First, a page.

Among the Italian immigrants of the 21st century in the United States there are many brilliant minds, with master’s degrees and a background in research or creative activities. With the previous generations of Italians who have moved to America, they share the hope for a better future. Their remarks reveal New York as a competitive place full of opportunities. For those working on visual or information design, it offers particularly fertile ground, as one of the world’s most important cultural and economic centers.

Information designer Giorgia Lupi arrived here thanks to the doctoral program in Design at the Milan Polytechnic (2011-2014) which brought her as a visiting researcher to the Parsons Institute for Information Mapping. In Milan and New York, in 2011 she founded the studio Accurat, whose clients include Fiat Chrysler Automobiles, Fineco-Unicredit Group, Hewlett Packard Italia, Mondadori, RAI, RCS/Rizzoli MediaGroup, United Nations Development Programme and World Food Programme.

“New York,” Lupi says, “is a unique crossroads for the disciplines that make my work possible: from finance to media, the world of art and culture to that of innovation and technological research. It is a city where things naturally become hybrids, and making a living by combining art and science, here I have the possibility every day of growing in professional and personal terms.”

In New York, in fact, she met the illustrator Michela Buttignol, who has lived here since 2011, working with Accurat, New York Times, Boston Globe and Plansponsor Magazine. “I came here for personal reasons,” Buttignol says, “but the choice inevitably influenced my professional life. New York and the United States in general can offer opportunities that would be hard to find elsewhere, because of the way design in all its forms is recognized and valued. Unlike Italy, here I have met people who were ready to give me a chance.”

One important chance was given to Andrea Trabucco Campos, born in Bogota but raised in Lucca, who since September has been working for the prestigious studio Pentagram. The visual designer came to New York in 2008 to study philosophy at New York University. After taking a master’s at the Scuola Politecnica di Design in Milan, he returned to New York in 2015, working freelance for Sole24Ore and as head designer for Heritage Food USA.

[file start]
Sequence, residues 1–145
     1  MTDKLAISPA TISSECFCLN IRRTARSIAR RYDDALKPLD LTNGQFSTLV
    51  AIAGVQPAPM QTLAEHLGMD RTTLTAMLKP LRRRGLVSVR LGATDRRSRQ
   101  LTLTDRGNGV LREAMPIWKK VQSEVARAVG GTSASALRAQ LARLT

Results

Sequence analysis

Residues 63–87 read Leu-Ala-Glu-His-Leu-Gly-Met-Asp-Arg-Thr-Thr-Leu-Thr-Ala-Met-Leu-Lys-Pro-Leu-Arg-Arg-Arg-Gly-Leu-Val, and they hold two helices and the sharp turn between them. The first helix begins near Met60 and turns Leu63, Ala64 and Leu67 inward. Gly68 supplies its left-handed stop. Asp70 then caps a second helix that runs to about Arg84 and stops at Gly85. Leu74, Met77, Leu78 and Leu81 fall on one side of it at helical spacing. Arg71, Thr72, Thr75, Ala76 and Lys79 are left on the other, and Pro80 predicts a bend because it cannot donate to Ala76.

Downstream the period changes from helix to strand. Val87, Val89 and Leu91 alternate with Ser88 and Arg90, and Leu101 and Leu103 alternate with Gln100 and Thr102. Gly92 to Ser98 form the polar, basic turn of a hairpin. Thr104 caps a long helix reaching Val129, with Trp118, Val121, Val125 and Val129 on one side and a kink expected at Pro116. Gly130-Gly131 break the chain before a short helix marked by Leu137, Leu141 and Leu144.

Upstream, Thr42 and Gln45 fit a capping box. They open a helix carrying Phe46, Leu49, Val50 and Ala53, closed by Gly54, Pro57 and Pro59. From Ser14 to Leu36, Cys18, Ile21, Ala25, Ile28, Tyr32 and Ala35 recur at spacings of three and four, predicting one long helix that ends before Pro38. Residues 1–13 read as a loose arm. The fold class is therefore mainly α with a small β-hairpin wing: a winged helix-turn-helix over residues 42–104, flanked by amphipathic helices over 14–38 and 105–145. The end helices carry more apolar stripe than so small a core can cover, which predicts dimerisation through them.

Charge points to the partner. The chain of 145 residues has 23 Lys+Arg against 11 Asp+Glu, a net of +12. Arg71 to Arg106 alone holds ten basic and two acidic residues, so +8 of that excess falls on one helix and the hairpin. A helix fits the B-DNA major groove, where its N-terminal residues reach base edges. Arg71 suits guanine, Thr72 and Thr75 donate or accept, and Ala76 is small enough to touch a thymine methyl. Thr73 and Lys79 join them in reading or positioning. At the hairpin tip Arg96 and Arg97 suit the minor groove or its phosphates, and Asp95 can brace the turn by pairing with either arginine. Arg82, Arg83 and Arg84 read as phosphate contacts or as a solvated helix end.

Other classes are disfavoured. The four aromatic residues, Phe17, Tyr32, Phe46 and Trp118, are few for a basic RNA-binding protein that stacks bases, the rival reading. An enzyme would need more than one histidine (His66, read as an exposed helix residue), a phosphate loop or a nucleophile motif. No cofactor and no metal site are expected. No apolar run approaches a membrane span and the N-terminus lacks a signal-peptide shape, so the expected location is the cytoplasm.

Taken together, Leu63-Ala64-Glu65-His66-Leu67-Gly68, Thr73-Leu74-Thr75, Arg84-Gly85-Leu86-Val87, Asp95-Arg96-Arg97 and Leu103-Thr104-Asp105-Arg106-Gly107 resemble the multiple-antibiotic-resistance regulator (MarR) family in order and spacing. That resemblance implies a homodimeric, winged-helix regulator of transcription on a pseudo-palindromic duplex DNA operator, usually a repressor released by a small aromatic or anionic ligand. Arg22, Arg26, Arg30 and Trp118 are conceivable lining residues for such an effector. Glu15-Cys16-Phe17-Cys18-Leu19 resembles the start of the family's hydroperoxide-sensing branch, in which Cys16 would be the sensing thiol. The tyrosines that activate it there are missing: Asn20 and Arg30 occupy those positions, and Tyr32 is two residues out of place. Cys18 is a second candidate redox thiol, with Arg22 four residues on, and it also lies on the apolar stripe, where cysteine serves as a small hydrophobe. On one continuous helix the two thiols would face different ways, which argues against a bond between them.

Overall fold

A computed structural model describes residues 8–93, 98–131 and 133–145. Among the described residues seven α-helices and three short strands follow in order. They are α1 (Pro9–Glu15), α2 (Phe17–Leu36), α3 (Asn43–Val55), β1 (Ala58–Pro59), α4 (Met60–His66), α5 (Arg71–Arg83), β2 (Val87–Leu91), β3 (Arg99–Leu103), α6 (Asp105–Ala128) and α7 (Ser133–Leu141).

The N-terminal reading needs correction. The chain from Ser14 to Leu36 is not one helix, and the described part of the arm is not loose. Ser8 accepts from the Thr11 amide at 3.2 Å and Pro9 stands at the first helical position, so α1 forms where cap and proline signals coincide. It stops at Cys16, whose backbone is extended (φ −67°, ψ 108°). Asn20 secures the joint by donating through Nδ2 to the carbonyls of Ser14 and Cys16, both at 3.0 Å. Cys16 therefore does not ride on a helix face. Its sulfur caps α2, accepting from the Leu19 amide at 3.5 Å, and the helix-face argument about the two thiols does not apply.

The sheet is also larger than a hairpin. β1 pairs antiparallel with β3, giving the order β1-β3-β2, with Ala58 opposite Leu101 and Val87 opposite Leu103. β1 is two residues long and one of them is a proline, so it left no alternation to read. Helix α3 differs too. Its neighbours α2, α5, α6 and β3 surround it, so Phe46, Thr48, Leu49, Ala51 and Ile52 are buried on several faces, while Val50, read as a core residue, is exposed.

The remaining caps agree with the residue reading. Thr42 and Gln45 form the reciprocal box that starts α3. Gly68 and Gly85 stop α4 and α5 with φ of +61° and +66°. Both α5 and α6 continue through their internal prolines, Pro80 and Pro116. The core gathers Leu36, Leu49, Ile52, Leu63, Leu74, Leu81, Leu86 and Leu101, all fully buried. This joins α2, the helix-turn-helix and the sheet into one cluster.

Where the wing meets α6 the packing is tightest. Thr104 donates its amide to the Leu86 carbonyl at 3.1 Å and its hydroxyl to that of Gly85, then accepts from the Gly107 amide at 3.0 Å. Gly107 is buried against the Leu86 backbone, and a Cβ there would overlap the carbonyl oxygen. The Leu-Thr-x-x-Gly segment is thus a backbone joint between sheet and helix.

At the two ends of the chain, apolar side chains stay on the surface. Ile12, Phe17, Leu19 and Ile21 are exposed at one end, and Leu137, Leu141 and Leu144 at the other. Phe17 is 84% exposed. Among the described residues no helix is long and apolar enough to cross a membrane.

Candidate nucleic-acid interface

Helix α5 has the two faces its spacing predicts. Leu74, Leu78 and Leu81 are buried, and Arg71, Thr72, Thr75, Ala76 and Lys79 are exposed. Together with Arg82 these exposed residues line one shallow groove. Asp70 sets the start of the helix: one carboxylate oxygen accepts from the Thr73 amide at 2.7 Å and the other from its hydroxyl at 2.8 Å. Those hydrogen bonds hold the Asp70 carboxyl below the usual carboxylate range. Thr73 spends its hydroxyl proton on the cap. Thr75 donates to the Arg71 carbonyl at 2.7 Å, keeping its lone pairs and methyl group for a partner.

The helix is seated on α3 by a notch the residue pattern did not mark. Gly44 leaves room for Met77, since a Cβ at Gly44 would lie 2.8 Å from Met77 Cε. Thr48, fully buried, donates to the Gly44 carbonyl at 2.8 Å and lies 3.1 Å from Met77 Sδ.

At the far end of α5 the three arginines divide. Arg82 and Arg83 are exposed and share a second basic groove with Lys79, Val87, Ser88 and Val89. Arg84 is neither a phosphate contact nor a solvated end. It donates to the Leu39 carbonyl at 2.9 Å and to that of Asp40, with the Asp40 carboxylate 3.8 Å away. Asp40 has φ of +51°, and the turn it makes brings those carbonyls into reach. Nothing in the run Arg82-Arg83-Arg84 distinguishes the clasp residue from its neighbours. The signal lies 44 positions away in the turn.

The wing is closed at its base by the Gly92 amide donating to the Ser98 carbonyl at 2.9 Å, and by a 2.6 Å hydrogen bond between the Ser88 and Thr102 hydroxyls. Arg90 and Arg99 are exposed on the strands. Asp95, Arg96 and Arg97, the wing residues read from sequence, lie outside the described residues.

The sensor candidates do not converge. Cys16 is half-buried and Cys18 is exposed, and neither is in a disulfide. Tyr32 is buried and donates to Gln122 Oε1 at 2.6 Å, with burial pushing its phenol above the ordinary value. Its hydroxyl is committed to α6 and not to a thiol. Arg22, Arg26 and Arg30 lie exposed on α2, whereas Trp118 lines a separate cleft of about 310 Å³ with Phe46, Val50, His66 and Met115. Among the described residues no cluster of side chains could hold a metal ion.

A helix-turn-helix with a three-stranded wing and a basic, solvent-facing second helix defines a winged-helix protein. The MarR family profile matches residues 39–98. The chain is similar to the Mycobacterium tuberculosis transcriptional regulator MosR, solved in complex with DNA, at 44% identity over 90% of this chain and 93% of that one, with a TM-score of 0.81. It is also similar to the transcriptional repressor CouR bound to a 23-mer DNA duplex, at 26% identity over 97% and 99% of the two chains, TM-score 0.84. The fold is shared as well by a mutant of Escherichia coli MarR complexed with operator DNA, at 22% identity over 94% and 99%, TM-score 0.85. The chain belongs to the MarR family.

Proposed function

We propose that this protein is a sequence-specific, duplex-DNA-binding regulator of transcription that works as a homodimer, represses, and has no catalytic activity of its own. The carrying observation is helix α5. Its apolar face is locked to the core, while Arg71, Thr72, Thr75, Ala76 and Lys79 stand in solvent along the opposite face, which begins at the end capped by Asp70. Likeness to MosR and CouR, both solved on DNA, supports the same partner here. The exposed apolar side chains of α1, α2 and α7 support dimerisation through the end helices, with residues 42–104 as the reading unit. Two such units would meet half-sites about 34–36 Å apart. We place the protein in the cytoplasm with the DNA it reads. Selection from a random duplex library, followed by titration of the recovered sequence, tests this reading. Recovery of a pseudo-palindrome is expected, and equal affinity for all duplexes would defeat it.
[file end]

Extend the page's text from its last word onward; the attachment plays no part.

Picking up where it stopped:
“New York is competitive,” Trabucco says. “It is a cultural and economic center on a worldwide level and exerts a gravitational force on leading talents in many sectors, including design. There are some big obstacles of density and friction, but you get used to it with time.”

Each has developed their professional approach, investigating the possibilities of graphics, between old and new media. “In the field of information design,” Lupi remarks, “or graphics and visual communication for the representation of data and information, recent technological innovations have led to very rapid evolution of visual languages.

This is because new possibilities of interaction and devices of all kinds facilitate active exploration of content on the part of its audience. Infographics and data visualizations, which were static and linear until a short time ago, are now multidimensional and interactive, for personalized and always different utilization of content. Information design studies how to present qualitatively and quantitatively complex contents in a clear, accessible way.

It is a discipline used to support decision-making or educational activities in an increasingly wide range of contexts: from medicine to industry, finance to the world of non-profit organizations.

Data visualization is a subset of information design and focuses on the creative use of visual models typical of scientific or statistical representation. The data we record are not just online, but have to do with everyday behaviors like movements, purchases, everything that can be detected by sensors, chips and smartphones. This formless mass of data requires visualization that helps us to understand, to combine contexts, to formulate questions or to influence choices and decisions.”

“In the area of illustration,” Buttignol emphasizes, “I do not believe there are many distinctions between the various media, since in any case the matrix of the work starts from the idea, the personal style. The main difficulty is still how to translate a concept into image using the language of forms and colors. And evoking a story without literally replicating what the text already says, instead creating a double narration.